Wednesday, November 30, 2011

Generation of Exodus

The great Kabbalist Rabbi Isaac Luria writes that the last generation before the coming of Moshiach is the reincarnation of the generation of the Exodus.  In my last blog post I wrote about my daughter's spiritual journey towards her Bat Mitzvah. Well I read a intersting thought today that sparked a new understanding for me personally.

"Today, as we stand at the threshold of the ultimate redemption, it is once again the woman whose song is the most poignant, whose tambourine is the most hopeful, whose dance is the most joyous. Today, as then, the redemption will be realized in the merit of righteous women. Today, as then, the woman’s yearning for Moshiach — a yearning which runs deeper than that of the man, and inspires and uplifts it — forms the dominant strain in the melody of redemption."
Based on the teachings of the Lubavitcher Rebbe

(C)Copyright 2006 silk painitng by Rivka Sari

There is no doubt as a religious woman I yearn for Moshiach so much more than I ever have. The world seems to be in caos and so much is terrible happening around the world that I 'm concerned for the future of my children and their future generations. Is there going to be a world left? So when I read this teaching from the Rebbe I realized this is getting to be the generation of redemption. I'm now begining to understand that my daughter is feeling it too. Is she that generation? I do not know the answer, but one thing I do know that the golus (Exile) is coming to a end because knowledge is increasing at such a rate that only goodness will be desired. We are are certainly headed for a better world to come, the Olam Haba. As we are getting ready to celebrate Chanukah we are celebrating light and it will multiply as time moves forward.  See you in Jerusalem!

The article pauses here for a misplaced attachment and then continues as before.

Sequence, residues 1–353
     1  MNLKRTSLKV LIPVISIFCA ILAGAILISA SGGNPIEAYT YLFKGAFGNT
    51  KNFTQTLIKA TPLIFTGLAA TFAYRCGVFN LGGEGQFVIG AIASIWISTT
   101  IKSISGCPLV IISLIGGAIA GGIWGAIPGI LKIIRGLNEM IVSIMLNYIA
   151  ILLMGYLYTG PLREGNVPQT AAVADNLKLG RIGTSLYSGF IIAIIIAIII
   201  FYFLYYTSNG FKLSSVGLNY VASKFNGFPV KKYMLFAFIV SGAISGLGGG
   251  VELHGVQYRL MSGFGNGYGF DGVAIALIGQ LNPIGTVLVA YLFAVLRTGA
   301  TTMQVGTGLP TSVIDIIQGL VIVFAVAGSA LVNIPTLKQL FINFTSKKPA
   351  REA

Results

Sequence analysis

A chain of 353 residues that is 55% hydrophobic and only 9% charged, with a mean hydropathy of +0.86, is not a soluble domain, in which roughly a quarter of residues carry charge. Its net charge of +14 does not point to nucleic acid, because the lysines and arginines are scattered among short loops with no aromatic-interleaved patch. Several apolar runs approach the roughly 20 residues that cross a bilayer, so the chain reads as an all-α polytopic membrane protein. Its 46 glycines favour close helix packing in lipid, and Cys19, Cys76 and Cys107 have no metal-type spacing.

"קץ ישטטו רבים ותרבה הדעת"

Tuesday, November 22, 2011

Bat Yisrael (Daughter of Israel)

As I watch my daughter study Torah in Jewish school I began to realize she is just four years from bat mitzvah and it struck me we have to start planning now. But then I breathed a sigh because I have been planning this since she was born. The only real tangible thing we can give our children is Torah because it is the only one thing that shows her how to be a good Jew and be a good fellow human being. I want her to live a good spiritual life and pass on Torah to her children. I read Psalms 128 and I realized this blessing is not just for a man but one that is for a woman. Women have the most influence on children and I pray I have been doing ok in that department.

שיר המעלות אשרי כל־ירא יהוה ההלך בדרכיו׃
יגיע כפיך כי תאכל אשריך וטוב לך׃
אשתך כגפן פריה בירכתי ביתך בניך כשתלי
זיתים סביב לשלחנך׃
הנה כי־כן יברך גבר ירא יהוה׃
יברכך יהוה מציון וראה בטוב ירושלם כל ימי
וראה־בנים לבניך שלום על־ישראל׃
Psalms 128